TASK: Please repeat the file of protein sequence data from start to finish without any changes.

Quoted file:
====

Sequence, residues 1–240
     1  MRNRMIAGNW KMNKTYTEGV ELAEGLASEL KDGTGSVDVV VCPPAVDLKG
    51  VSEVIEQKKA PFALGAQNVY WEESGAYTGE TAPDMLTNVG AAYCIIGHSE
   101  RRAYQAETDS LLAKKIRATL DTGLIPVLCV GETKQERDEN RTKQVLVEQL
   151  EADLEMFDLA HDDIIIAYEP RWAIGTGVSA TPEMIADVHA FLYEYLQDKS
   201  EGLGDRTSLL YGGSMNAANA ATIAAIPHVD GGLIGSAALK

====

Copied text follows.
Sequence, residues 1–240
     1  MRNRMIAGNW KMNKTYTEGV ELAEGLASEL KDGTGSVDVV VCPPAVDLKG
    51  VSEVIEQKKA PFALGAQNVY WEESGAYTGE TAPDMLTNVG AAYCIIGHSE
   101  RRAYQAETDS LLAKKIRATL DTGLIPVLCV GETKQERDEN RTKQVLVEQL
   151  EADLEMFDLA HDDIIIAYEP RWAIGTGVSA TPEMIADVHA FLYEYLQDKS
   201  EGLGDRTSLL YGGSMNAANA ATIAAIPHVD GGLIGSAALK